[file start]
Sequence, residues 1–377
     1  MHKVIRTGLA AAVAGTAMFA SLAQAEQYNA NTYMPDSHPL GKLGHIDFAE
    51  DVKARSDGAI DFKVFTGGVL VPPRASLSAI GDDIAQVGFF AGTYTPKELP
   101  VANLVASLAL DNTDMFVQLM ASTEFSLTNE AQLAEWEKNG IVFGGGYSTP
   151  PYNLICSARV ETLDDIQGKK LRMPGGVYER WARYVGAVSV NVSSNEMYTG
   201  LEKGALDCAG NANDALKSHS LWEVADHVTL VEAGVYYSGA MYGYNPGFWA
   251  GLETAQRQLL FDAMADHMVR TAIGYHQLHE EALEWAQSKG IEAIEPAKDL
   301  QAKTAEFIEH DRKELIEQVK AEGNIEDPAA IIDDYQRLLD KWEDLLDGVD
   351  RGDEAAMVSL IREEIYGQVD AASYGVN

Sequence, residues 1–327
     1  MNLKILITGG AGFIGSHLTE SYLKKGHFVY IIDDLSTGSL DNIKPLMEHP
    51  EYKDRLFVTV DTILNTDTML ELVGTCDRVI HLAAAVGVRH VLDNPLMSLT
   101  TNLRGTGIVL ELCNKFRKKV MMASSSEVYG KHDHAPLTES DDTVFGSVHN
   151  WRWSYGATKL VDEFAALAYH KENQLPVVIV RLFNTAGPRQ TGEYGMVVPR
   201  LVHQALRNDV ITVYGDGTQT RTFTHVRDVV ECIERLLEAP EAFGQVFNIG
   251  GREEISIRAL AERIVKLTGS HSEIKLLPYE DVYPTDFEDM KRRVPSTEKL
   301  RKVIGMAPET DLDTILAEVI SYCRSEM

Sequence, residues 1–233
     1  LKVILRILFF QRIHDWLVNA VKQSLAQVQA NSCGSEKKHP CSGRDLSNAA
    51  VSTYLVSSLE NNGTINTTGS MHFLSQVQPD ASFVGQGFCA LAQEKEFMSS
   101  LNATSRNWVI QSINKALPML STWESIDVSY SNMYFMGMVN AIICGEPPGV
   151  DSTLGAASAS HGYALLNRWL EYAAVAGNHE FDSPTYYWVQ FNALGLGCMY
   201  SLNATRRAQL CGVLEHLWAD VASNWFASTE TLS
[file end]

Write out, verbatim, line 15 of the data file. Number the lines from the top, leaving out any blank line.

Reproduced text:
   201  LVHQALRNDV ITVYGDGTQT RTFTHVRDVV ECIERLLEAP EAFGQVFNIG